Story by Reem Jazar

Photos provided by Rachel Sin

Many designers enjoy the privilege of watching their creations walk the runway during fashion week; almost none get to say they helped design the very building that houses the event. This, however, was the experience of Rachel Sin. In 2011 the architect-turned-fashion designer presented her Spring/Summer 2012 collection at the Ottawa Convention Centre during the city’s fashion week.

“I worked on the architectural design for over three years and was thrilled that my designs walked in a building I had a hand in developing,” shares Sin. “It was wonderful to see architecture and fashion come together and [to] see the building stand as a back drop to the structured garments.”

Sin’s background in architectural design is evident in her edgy yet tasteful garments. The designer lends a citified touch to her sleek designs while keeping an understated, classic aesthetic. Her strong silhouettes make each garment a standout piece.

The designer’s Fall/Winter 2012 collection is no exception. Sin uses the underlying palette of black, cream, and tan to weave her luxurious representation of what an urban fall should look like; sequins and faux fur lend drama to a few key pieces.

Sin says it was always in her plans to design clothes. While she was pursuing her Masters Degree in architecture from Carlton University, she was busy working for several fashion design firms in Ottawa and Toronto. In the midst of her architectural pursuits, she took sewing classes.

“For me, it’s not so much a change than a shift in scale,” explains Sin. “Architecture and fashion design are very similar, simply expressed at a different scale.”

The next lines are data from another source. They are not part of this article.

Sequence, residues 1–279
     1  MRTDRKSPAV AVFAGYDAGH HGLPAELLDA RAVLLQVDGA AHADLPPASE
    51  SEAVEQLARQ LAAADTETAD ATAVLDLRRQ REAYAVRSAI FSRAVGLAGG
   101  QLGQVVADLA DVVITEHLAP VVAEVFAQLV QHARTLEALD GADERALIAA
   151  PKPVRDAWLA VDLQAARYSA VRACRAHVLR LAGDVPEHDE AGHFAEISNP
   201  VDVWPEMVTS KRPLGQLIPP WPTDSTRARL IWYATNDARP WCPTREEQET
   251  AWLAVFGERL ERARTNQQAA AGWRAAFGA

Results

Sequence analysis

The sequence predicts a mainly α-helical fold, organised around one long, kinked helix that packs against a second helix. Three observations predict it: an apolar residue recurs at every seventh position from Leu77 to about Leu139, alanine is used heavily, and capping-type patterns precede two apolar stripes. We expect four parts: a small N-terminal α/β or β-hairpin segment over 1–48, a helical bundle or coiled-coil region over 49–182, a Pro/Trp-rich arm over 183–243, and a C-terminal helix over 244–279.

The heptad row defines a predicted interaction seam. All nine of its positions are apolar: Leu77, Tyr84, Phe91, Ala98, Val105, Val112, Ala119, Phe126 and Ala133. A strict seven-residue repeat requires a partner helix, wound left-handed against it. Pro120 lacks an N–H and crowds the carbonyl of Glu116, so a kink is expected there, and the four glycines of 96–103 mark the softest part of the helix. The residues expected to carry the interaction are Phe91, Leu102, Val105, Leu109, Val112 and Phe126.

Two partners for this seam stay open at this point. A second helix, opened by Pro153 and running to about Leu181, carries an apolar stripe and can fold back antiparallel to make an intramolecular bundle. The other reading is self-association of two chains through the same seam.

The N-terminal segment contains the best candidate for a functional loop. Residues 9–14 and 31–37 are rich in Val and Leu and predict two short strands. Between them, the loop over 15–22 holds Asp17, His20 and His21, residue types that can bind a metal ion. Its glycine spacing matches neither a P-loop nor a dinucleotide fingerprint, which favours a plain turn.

The designer says her first fashion memory was more awkward than à la mode. Sin adds that her family did not have much money while she was growing up; instead of spending money on clothes her parents opted to spend on violin, piano and other lessons. The now-stylish designer had to wear hand-me-downs as a child, even though she was the oldest.

“I remember getting my first ever new pair of bright white sneakers; [they were] Reeboks, I loved them so much that I put masking tape over the shoe laces to keep them white,” she recalls.

Sin’s industriousness as a designer, her education and design experience are clearly communicated through her work. Elegance, class and tailoring are synonymous with her brand – but there is still a vampy twist. Perhaps that is why the designer had such a strong showing at Fashion Art Toronto (|FAT|) earlier this year.

“It’s great to be able to celebrate fashion creatively in an environment where the possibilities are unlimited.  This means a lot to designers and artists that are breaking out and [who] do not want to be confined by commercially-oriented fashion weeks,” says Sin. “With each runway show, we work hard to produce a bigger and better show.”

Sin doesn’t show any signs of slowing down, as she continues to fuse her creative backgrounds to bring her vision to life. “I would love to have one job title – Designer – and design anything in any medium I feel like creating,” she says.  “I think it would be wonderful designing both a clothing line and a standalone store to house the collection.”

We have no doubt that if anyone can do it, Rachel Sin can.

Related posts: